Adalimumab has been recently introduced for the treatment of RA,20 AS,21 and PsA.22 Published studies on adalimumab show that its use in patients with RA can be effective in providing long-term control of both the symptoms and the joint inflammation. Recently, Wiens et al.29 reported a systematic review, evaluating the efficacy and safety of adalimumab for treating RA on the basis of randomized clinical trials. The authors projected the meta-analysis to assess the efficacy, based on the changes of American College of Rheumatology (ACR) criteria and the safety, based in serious adverse events, serious infections, malignancy, and deaths. Withdrawals due to adverse events or lack of efficacy were also evaluated. The studies that were included compared the SQ doses of adalimumab 20 mg weekly or 40 mg every other week with placebo, with or without concomitant methotrexate, including only studies of moderate or high quality. The studies, that met the inclusion criteria, comprised 2,692 patients. The meta-analysis for adalimumab efficacy showed that patients treated with adalimumab had a more favourable outcome.
Regarding the safety results, no statistically significant differences were observed between the groups. The meta-analysis showed an evident efficacy of adalimumab, even though clinicians should be careful regarding the potential adverse events.
Adalimumab has been successfully used in PsA. Adalimumab has been approved for moderate-to-severe plaque-type psoriasis and psoriatic arthritis (PsA). There is evidence concerning the efficacy, clinical effectiveness, safety, and cost-effectiveness of adalimumab in the treatment of psoriasis: Schmitt and Wozel30 reported that adalimumab proved to be effective in moderate-to-severe plaque-type psoriasis and PsA with Psoriasis Area and Severity Index (PASI)-75 response rates of 53–80% and ACR-20 response rates of 39–58% after 12–16 weeks of treatment. In clinical practice, patients who have not responded to one TNF antagonist may respond to another one. Moreover, adalimumab has similar or better cost-effectiveness than other biologics, albeit it seems to be less efficient than methotrexate and cyclosporine in treating psoriasis and PsA.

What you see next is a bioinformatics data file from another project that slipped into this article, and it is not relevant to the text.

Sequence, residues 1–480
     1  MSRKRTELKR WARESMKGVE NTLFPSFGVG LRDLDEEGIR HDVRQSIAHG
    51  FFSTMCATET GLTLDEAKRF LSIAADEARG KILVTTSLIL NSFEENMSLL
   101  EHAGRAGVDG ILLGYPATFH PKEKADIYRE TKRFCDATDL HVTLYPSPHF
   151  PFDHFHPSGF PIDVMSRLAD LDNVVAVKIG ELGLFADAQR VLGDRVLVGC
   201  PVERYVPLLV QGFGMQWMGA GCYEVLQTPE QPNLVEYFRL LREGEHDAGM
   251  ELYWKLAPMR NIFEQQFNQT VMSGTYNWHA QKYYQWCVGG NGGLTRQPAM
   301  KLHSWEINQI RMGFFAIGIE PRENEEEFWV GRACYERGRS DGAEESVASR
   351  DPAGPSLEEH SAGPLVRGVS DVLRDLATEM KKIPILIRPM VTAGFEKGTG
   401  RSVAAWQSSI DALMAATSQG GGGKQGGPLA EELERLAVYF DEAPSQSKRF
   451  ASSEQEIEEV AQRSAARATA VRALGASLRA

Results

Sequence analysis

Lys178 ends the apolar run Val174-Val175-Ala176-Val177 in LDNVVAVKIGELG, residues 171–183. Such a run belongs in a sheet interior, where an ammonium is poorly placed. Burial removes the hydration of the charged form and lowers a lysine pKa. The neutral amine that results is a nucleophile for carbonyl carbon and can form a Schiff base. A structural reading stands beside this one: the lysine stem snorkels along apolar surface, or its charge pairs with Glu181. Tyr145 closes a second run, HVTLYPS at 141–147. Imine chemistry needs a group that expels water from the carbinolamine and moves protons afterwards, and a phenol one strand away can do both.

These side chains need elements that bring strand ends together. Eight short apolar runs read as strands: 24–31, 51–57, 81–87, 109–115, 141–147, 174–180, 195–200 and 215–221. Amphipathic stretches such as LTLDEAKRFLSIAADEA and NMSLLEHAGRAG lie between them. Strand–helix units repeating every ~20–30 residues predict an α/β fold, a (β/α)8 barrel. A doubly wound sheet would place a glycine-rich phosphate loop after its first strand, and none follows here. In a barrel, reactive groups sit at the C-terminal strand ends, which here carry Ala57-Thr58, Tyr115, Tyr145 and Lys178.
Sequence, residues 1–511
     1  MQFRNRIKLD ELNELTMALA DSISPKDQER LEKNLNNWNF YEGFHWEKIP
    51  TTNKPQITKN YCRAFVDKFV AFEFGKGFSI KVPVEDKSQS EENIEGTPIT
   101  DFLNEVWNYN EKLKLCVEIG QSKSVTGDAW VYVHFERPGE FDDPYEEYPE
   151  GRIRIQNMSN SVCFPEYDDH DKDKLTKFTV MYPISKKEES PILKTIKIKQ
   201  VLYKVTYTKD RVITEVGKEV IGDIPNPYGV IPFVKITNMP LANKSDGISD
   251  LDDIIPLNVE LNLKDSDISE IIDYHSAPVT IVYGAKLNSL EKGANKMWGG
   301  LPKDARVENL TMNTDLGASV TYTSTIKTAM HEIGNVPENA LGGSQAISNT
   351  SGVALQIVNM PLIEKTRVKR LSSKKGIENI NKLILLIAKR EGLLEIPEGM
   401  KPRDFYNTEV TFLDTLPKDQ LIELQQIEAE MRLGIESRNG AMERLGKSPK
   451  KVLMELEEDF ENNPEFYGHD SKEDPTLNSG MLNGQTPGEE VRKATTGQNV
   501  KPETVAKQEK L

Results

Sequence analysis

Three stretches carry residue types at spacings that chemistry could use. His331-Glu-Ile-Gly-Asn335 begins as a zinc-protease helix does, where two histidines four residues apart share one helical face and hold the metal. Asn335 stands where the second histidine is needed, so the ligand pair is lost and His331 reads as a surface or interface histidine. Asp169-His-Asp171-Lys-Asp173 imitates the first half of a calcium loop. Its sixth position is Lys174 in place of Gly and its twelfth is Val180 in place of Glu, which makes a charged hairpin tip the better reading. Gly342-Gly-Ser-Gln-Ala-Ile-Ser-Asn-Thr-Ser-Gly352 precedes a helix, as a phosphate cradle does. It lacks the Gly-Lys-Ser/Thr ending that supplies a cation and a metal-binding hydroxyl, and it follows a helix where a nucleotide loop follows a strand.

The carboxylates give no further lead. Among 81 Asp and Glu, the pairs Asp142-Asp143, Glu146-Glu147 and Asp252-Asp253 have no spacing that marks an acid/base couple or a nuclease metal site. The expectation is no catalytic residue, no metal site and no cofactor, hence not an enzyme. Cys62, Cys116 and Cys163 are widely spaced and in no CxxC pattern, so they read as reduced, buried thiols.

In addition, TNF-α blockers have been shown to be very effective and safe for the treatment of a variety of sequela secondary to systemic diseases, such as RA, PsA, ankylosing spondylitis, juvenile idiopathic arthritis (JIA), and Crohn’s disease.
Although adalimumab has been prevalently used as mono-therapy31,32 and in combination with methotrexate32–35 for RA, recently, it has been reported about the successful treatment of juvenile-onset HLA-B27-associated severe and refractory heel thesitis36 and of orbital myositis.37
TNF-α plays a key role in uveitis. In the model of endotoxin-induced uveitis (EIU) in rats, an early elevation of TNF-α in aqueous humor and serum is detectable.38 In addition, intravitreal TNF-α injection in mice39 and rats40 results in acute uveitis after infiltration of polymorphonuclear granulocytes. Santos Lacomba et al.10 reported the TNF-α levels in aqueous humor and serum of patients affected by uveitis. The authors concluded that TNF-α is elevated in the serum, even though it is not relevant in aqueous humor; this immunologic pattern seems to be associated with recurrences, such as chronic uveitis.